Smith puts a bit of spin on Gabba disappointment
ADELAIDE — The disappointment at home generated by South Africa’s failure to win the first Test against Australia showed how much "respect" the team had won since attaining the top ranking, according to Proteas captain Graeme Smith.
South Africa’s debut as top dogs in the Test world fell flat in Brisbane, their much-vaunted pace attack managing to prise only five wickets in the draw to leave the hosts claiming a moral victory and the momentum ahead of the second Test in Adelaide, which started on Thursday.
That Test started badly for South Africa, with Australia captain Michael Clarke and David Warner both making quick centuries — with Warner smashing 119 off just 112 balls. Ricky Ponting’s woes continued, however, as he made just four runs in three balls before being bowled out. At tea Australia were 280 for four with Clarke unconquered on 104 and Mike Hussey not out 34. The home side added a blistering 178 runs off just 26 overs in the middle session.
Smith said on Wednesday: "The great thing is that there is respect for our performance.
"I think if we had travelled a few years ago and drawn a Test match anywhere else in the world, people would have been raving about it. For us a disappointment in a draw is good; it shows people expect us to play well and that’s exciting for us.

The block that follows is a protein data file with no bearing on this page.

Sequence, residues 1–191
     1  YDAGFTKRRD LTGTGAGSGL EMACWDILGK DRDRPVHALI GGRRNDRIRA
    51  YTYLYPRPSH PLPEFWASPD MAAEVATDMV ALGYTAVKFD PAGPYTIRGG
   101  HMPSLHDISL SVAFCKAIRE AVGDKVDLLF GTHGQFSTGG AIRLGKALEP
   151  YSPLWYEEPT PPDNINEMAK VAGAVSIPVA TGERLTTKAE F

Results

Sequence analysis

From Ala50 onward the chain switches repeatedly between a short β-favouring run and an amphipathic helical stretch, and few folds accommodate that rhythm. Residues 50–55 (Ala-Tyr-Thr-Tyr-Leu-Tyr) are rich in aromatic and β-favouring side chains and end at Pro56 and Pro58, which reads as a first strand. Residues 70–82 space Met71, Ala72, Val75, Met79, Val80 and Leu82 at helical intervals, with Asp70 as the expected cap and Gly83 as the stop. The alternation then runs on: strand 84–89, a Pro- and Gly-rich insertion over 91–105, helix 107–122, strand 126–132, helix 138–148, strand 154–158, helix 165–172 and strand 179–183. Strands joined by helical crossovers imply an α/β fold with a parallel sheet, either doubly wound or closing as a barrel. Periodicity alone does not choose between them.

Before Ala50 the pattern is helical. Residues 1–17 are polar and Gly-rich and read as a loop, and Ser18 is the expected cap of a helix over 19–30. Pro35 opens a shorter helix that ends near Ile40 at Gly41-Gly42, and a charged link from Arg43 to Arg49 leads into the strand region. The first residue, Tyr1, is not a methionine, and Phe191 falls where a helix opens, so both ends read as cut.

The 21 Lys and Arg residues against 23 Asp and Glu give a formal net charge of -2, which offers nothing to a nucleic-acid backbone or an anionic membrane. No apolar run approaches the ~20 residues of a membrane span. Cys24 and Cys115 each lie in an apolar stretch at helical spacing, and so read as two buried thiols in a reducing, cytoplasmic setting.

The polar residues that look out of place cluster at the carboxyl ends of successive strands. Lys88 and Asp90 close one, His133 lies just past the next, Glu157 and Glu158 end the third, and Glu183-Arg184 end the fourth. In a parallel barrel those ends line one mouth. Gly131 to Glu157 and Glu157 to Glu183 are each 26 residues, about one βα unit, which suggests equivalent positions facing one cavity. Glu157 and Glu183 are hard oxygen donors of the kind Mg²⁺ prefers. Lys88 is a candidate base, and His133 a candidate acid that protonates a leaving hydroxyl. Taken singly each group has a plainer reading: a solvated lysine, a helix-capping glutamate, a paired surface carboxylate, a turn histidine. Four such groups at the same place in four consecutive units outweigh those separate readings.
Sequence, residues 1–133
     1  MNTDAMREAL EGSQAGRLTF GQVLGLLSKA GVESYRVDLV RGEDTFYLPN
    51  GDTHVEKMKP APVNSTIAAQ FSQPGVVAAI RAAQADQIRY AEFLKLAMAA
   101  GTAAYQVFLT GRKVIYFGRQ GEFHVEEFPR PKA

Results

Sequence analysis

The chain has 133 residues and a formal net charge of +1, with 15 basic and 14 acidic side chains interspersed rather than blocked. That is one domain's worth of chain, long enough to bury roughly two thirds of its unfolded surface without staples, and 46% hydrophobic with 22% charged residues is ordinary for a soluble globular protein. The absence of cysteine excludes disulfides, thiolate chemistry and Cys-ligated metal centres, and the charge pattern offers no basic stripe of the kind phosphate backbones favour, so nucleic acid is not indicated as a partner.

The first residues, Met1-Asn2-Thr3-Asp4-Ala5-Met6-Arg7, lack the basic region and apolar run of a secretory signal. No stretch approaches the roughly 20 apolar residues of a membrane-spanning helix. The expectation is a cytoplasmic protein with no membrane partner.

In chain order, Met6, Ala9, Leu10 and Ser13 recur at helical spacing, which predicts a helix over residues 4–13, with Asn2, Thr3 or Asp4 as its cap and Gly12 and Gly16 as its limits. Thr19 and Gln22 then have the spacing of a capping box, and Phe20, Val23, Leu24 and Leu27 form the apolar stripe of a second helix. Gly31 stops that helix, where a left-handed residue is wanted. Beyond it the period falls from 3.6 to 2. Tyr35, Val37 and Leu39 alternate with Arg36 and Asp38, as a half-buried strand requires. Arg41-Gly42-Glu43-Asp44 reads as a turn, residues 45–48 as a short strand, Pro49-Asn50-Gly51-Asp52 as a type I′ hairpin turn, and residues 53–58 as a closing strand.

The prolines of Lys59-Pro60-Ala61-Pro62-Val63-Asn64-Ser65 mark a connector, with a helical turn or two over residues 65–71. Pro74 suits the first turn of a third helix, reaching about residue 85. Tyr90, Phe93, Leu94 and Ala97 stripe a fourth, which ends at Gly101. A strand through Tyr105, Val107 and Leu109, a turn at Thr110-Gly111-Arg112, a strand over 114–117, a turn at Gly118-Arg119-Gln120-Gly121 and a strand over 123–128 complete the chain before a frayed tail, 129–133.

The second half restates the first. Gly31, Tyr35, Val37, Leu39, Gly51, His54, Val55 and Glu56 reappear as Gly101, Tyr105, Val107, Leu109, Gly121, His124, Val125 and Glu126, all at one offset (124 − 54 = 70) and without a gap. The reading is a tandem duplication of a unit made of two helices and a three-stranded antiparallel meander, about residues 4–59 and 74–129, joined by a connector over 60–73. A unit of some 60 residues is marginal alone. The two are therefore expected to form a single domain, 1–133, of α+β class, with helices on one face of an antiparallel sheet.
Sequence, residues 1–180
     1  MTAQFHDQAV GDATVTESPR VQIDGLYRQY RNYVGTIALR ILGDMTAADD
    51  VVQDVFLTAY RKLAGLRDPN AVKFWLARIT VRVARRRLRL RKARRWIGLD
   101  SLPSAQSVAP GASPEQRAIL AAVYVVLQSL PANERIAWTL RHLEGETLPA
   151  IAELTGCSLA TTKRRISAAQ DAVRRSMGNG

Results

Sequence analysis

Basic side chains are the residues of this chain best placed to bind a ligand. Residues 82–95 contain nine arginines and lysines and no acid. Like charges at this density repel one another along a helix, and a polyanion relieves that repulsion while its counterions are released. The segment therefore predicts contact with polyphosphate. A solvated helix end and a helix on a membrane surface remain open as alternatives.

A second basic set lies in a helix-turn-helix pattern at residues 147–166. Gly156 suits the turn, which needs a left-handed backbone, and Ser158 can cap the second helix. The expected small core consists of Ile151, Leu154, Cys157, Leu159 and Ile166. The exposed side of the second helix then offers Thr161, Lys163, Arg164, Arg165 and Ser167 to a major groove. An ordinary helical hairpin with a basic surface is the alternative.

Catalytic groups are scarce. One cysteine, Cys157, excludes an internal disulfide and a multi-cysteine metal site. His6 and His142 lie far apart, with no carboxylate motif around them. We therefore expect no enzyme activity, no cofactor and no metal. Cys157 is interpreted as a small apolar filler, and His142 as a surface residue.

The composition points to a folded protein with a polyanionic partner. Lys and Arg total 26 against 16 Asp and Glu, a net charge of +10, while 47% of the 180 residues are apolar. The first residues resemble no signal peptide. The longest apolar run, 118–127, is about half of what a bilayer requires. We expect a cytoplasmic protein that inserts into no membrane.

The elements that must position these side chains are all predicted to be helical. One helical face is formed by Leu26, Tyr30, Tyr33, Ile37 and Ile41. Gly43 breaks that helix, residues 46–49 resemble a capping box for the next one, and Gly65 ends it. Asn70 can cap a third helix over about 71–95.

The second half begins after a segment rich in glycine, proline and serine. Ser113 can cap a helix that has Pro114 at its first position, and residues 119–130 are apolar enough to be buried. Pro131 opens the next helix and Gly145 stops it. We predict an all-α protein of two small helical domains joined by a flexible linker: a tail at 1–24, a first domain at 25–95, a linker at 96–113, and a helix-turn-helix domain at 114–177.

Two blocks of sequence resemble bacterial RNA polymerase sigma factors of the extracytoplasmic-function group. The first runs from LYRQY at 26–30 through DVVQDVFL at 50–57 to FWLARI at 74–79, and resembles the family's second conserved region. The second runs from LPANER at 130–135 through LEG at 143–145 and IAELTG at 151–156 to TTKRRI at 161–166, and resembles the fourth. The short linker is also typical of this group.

"We come to Adelaide knowing there are a few areas where we can definitely improve on and we’ve had some good discussions about that.
"But in terms of the No1 ranking, we know that it’s going to be a process of us performing well for a period of time and this is the big challenge for us and if we come through Australia having been successful, then it will give us a great opportunity to create something."
Life has been tough at the top of Test cricket, with both India and England relinquishing the premier ranking in little more than a year.
Since taking over the captaincy from Shaun Pollock in 2003, Smith has spent eight years piloting the Proteas’ steady rise to the summit, but could ultimately see his team lose their foothold should Australia win the series.
Their short reign has already been undermined by team selectors, who overlooked Imran Tahir in favour of a four-prong pace attack that drew little from the Gabba wicket. Smith said it was "back to normal" with Tahir’s reinstatement at Adelaide.
Clarke on Wednesday denied any rift with vice-captain Shane Watson as the all-rounder was ruled out of the second Test. Watson has been troubled by a calf injury and tried this week to prove his fitness after missing the drawn series opener in Brisbane earlier this month.
But Clarke said doubts about Watson’s injury prompted Australia to go with an unchanged team for the second Test in Adelaide. "He has improved a lot over the last few days ... but is probably a few days short of being 100%," Clarke said.
The captain dismissed speculation of a rift with Watson, stressing there was no communication breakdown with his deputy.
"Watto and I, our friendship and our professional relationship when it comes to captain and vice-captain, is as close as I can certainly ask for."
Senior batsman Ponting warned this week against playing a not fully fit Watson, saying it would place too much pressure on his team-mates.
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